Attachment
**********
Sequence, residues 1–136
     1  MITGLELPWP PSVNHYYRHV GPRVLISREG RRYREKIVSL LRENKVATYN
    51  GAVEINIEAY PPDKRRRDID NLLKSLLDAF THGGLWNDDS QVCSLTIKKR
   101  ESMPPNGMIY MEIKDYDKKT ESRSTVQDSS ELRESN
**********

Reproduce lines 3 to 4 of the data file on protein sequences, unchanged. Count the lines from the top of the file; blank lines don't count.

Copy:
    51  GAVEINIEAY PPDKRRRDID NLLKSLLDAF THGGLWNDDS QVCSLTIKKR
   101  ESMPPNGMIY MEIKDYDKKT ESRSTVQDSS ELRESN